Typically, guidelines for design of interactive multimedia systems have been based on intuitive beliefs of designers rather than being founded on relevant research and theory. As advances in technology create new opportunities for education, it is important to use a range of theoretical perspectives to optimize use of new technology in teaching and learning. This article explores behaviorist and cognitive approaches to interactive multimedia instructional design (ID). Basic concepts, characteristics of ID, and comparisons between each are discussed. Interface design guidelines for learning with multimedia are presented, which link theory with practice in effective multimedia ID. Universal Design for Learning is described, which sheds light on future research in ID to accommodate the diversity of learners.
Major conclusions include that no one theoretical foundation exists for ID practice that is suitable for all applications. Dick and Carey's behaviorist model, Willis' constructivist model, Reigeluth's Elaboration Theory, Keller's ARCS model, Merrill's Instructional Transaction Theory, and Gagne's learning hierarchy illustrate the abundance of theoretical frameworks to assist designers in decision making. Theories continually evolve or are revised as a result of research or critique by designers or theorists in the field. In the long term a blending of behaviorist and cognitive approaches seems inevitable.
Behaviorism and cognitivism are the two dominant theoretical positions in the field of learning with interactive courseware (Jonassen, 1991; Atkins, 1993; Hannafin, Hannafin, Hooper, Rieber, & Kini, 1996). Developments in design of such materials appear to have followed shifts in the dominant paradigms within psychology. Early computer-based materials are seen to be influenced by behaviorist concepts while discovery learning materials are felt to be founded on later cognitive models of information processing and constructivism. The increase in cognitive approaches in the 1980s may be due as much to technology developments in object-oriented programming, hypermedia, and interactive video as to the rise within psychology of cognitive theorists (Atkins, 1993).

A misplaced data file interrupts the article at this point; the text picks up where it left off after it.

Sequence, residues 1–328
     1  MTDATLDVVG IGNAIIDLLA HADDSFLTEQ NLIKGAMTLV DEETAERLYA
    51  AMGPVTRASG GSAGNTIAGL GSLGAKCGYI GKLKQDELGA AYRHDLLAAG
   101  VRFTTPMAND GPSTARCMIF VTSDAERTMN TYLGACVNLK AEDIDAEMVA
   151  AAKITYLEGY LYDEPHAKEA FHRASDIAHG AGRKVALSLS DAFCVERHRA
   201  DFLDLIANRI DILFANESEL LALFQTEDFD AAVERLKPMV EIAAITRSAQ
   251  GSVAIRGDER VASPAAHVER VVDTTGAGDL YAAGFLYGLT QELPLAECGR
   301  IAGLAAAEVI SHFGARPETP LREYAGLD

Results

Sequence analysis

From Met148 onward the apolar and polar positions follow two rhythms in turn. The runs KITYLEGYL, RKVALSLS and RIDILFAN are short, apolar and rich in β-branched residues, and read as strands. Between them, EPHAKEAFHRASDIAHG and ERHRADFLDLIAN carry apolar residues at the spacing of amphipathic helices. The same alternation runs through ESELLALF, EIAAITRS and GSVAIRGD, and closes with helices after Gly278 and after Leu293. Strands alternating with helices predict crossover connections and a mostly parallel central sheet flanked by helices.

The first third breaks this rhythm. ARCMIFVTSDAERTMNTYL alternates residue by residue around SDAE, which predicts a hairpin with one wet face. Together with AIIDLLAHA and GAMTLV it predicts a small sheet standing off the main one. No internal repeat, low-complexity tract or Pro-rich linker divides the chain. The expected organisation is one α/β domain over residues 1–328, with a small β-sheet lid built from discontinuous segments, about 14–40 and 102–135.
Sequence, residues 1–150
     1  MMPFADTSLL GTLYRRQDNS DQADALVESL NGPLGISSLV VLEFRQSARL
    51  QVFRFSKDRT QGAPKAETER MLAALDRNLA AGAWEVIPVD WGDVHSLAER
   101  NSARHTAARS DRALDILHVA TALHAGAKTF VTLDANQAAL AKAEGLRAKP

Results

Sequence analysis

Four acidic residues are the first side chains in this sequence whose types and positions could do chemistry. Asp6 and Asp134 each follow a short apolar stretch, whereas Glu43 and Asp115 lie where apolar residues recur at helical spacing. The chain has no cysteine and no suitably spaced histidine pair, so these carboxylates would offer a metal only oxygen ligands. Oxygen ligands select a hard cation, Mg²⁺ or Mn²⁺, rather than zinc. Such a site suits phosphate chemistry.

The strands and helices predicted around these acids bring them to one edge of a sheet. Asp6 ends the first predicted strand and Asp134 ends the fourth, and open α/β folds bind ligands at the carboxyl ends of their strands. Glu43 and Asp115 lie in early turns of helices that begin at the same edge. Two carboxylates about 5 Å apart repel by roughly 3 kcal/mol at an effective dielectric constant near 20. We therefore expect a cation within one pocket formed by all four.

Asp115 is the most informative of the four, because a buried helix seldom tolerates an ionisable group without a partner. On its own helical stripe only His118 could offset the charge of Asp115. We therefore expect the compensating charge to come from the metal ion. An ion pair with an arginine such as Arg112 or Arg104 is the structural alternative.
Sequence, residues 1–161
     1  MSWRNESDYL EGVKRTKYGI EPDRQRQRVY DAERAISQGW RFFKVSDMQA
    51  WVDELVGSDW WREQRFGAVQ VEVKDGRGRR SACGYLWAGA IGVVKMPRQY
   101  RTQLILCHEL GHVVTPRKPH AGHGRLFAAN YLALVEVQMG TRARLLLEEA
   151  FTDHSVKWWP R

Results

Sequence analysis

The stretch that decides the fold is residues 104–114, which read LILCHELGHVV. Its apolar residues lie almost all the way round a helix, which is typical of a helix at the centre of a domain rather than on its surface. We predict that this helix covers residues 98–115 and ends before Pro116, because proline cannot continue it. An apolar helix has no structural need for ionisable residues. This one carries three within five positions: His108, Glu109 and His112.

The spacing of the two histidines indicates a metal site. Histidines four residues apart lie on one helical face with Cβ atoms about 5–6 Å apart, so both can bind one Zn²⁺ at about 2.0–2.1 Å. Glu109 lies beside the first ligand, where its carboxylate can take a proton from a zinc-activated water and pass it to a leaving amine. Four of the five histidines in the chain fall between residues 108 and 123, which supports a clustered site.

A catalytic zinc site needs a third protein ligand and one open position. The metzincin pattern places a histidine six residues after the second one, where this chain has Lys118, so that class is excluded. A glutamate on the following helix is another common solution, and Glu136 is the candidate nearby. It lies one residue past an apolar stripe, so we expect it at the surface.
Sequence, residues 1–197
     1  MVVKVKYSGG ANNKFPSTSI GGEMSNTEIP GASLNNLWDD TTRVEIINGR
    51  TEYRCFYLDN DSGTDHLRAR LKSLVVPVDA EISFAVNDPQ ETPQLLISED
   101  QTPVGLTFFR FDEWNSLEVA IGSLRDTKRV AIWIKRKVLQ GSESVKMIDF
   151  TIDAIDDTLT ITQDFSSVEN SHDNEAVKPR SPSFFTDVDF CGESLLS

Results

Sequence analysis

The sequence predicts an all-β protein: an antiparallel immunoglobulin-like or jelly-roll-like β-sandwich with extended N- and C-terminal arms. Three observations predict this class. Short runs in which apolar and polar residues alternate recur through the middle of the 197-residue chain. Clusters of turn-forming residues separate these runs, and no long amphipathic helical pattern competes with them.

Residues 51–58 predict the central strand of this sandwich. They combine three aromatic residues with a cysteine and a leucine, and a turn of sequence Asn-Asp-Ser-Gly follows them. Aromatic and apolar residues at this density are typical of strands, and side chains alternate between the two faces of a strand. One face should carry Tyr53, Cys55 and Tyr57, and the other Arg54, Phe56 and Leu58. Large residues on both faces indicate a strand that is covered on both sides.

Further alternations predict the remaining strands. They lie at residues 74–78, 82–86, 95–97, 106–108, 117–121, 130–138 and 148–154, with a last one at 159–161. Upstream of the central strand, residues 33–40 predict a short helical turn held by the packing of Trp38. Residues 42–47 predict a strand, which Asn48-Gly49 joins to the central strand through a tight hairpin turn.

Designers are adopting a mixed approach to design because it offers complete flexibility (Atkins, 1993). For example, some business and industry designers reveal a blending of analysis and evaluation of the objectivist approach with simulations and individualized progress of constructivist approaches (Dick, 1996). Typically, however, guidelines for design of interactive multimedia systems have been based on intuitive beliefs of designers rather than being founded on relevant psychological, pedagogical, and technological research and theory (Hannafin & Hooper, 1989; Park & Hannafin, 1993; Spiro, Feltovich, Jacobson, & Coulson, 1991).
Intuition and creativity have played major roles in the development and implementation of constructivist learning environments (Dick, 1997) for a reason. Until the appearance of the Recursive and Reflective, Design and Development (R2D2) model by Willis (1995), there had been almost no articles detailing explicit alternatives to the Dick and Carey objectivist model to help designers create instructional materials based on constructivist theory. The Dick and Carey model, which is in its fifth edition (Dick, Carey, & Carey, 2001), has been the leading behavioral instructional systems design model (Willis, 1995; Willis & Wright, 2000) since it became public in 1968.
Park and Hannafin (1993) indicated that the psychological foundation, in general, focuses on how learners think, learn, and process information and is largely media-independent. This foundation is based on research and theory on meaningful learning, schema theory, prior knowledge, hierarchical cognitive structure, elaboration, depth of processing, generative learning, situated learning, conceptual models and metaphors, and dual coding theory. The pedagogical foundation is based on research, theories of instruction, and teaching strategies, which include Gagne's work in learning hierarchies, elaboration theory, structural cueing, use of advance organizers, and anchored instruction. The technological foundation addresses the potential of technology to redefine teaching and learning, the capabilities of specific multimedia technologies, and the capabilities and limitations of interactive multimedia technology.
As advances in technology offer new opportunities for learning, it is important to use a range of theoretical perspectives to optimize use of new technologies in teaching and learning (Wild & Quinn, 1998). This article explores behaviorist and cognitive approaches to interactive multimedia instructional design (ID) and delves into the foundations noted by Park and Hannafin (1993). Basic concepts of each approach, characteristics of ID, and similarities and differences between each will be discussed. Interface design guidelines for learning with multimedia will be presented, which link theory with practice in effective multimedia ID. Universal Design for Learning (UDL) is described, which sheds light on future research in ID to accommodate the diversity of learners.